We’ve been to our fair share of Indian Fine Dining restaurants in Dubai, however there are few of them that stimulate our taste buds and stay true to the authenticity of Indian cuisine. With the rise of molecular gastronomy being infused into Indian cuisine, it’s very rare to discover a restaurant that not just serves aesthetically appealing dishes, but also dishes that have flavor and soul. Jodhpur, is one such restaurant that does justice to the flavors of Indian cuisine. The motive of executive Chef Pradeep Khullar was to produce simple yet delicious food that transports you back to India with every mouthful. Each dish has a story, with flavors that illustrate that story effortlessly. Being accustomed to Indian cuisine ourselves, it’s safe to say that dining at Jodhpur definitely made us feel at home.
As we stepped into Jodhpur we were blown away by the mesmerizing interiors of the restaurant. The entire restaurant had a very royal feel to it with hues of turquoise blue and gold adorning the walls and furniture. The interiors were rustic and dated, and fit perfectly well with the theme of the restaurant.
Our Royal Meal:
We started off with a Pre Starter of Jeera Khari with Herb Yoghurt. One bite into the Jeera Khari immediately transported us back to our childhood days of devouring the humble “Khari Biscuit” . The dish comprised of a flaky Indian puff pastry topped with caraway seeds and served with a side of herb yoghurt.
Next, was an Amuse Bouche of Chaat Macaron. Chaat is a term used to describe savory snacks, typically served at road-side tracks from stalls or food carts in India. It was quiet amusing to taste the flavors of a chaat dish incorporated into a French sweet. The creamy filling of the macaron was tangy, sweet and sour and tantalizes your palette as you bite into it.
We them moved on to our starters which comprised of three brilliantly executed dishes:
– We started off with the Laban and Ricotta Kabab with Rose Ash. Kababs are essentially served hot, however this kabab of hung curd and ricotta coated with dehydrated and smoked rose petals is served cold from the centre to allow a contrast in the dish. The taste and texture was unique, flawless and most definitely one of a kind.
– Our next starter was the Beef Short Ribs with Aam Papad Glaze. The beef is braised for 8 hours and then tossed in a reduction of tamarind, chilly paste and aam papad (which is an Indian fruit leather made out of mango pulp mixed with concentrated sugar solution and sun dried). The ribs literally melted in our mouths and the sweetness of the glaze made us salivate and left us wanting more.
– Our final starter was a Chicken and Chestnut Kulcha served with Sumac Laban. We’ve never come across such a generously stuffed kulcha before. The combination of chicken and chestnuts used as a stuffing was “genius” according to us since it elevated the flavor of the kulcha to a whole new level.
As soon as we were done with our starters, we were presented with palette cleansers of Mango, Cranberry and Kaffir Lime Sorbet. Adorably served in a toy pressure cooker to symbolize its significance in Indian households, the sorbet comprised of fresh Alphonso puree spiked with kaffir lime leaves & de-hydrated cranberries. The intent of presenting a sorbet as a palette cleanser was to bring back the childhood memories of slurping on a “Gola” which is an Indian slush or crushed ice lolly.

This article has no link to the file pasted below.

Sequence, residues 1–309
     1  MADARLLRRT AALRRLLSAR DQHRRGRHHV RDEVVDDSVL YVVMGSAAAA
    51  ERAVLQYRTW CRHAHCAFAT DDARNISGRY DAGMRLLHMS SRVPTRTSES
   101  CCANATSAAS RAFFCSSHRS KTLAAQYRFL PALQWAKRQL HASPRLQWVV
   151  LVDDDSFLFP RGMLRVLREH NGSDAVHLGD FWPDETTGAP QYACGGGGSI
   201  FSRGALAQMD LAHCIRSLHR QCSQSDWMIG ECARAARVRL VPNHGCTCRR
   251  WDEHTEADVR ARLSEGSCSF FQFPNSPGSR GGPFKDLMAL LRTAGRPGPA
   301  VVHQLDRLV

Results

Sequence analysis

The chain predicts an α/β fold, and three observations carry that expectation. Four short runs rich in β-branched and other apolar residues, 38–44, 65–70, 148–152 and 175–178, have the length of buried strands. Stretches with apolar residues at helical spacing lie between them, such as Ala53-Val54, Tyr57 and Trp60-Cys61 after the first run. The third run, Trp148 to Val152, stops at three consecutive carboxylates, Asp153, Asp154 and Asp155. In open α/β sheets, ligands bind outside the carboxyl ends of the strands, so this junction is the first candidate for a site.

Our main course was a rich and delightful spread of:
– Jhinga Chettinad with Gun Powder Pappad. The dish comprised of ginormous garlic glazed prawns tossed in a chettinad spiked sauce made with coconut milk & topped up with crispy parmesan pappad. The prawns were cooked to perfection and the flavors of the curry were impeccable.
– Miniature Pao Bhaji with Garlic Maska. Pao bhaji is a fast food dish from India, consisting of a thick vegetable curry served with a soft bread roll. This dish didn’t just look pretty but tasted delicious too. The vegetables are slow cooked with spices and mashed until a puree is obtained. We also loved the addition of miniature paos that were super soft and airy.
– Our final main course was a Chicken Tikka Biryani. The biryani had the right amount of spice and flavors infused into it, although it didn’t amuse as much as the rest of the dishes we tried during our meal.
Finally, it was time for dessert. Although we were pretty much filled to the brim with all the delicious food we savored, the moment the desserts were laid on our table, we got hungry again.
– We started off with Rasmalai, Milk Foam Rabdi and Pistachios. The Rasmalai (which is an indian dessert also known as a rich cheesecake served with the crust) is served on bed of saffron flavored milk and topped with milk foam, crisp kataifi & pistachios. Although this dessert might seem heavy, you’ll be surprised with how easily you can devour this dessert all by yourself. The soft gooey consistency of this dessert is a definite treat to your senses.
– Next, we tried the Kesar Malai Kulfi withToasted Almond Slivers. A kulfi is a traditional indian ice cream prepared with full cream milk that is reduced and mixed with dried nuts, saffron and cardamom. Loved the addition of frozen dried raspberries that added a nice tartness to the kulfi.
– Our final dish was the Saffron Jalebi with Mascarpone Rabdi and Gold Dust that was beautifully presented to look like a “Jalebi Tree”. The Jalebi was crisp on the outside and soft inside and went perfectly with the cold mascarpone rabdi. Delicious!
Address and Contact Details:
Al Murooj Rotana Hotel
All the dishes we had are part of a tasting menu priced at Dhs160 per person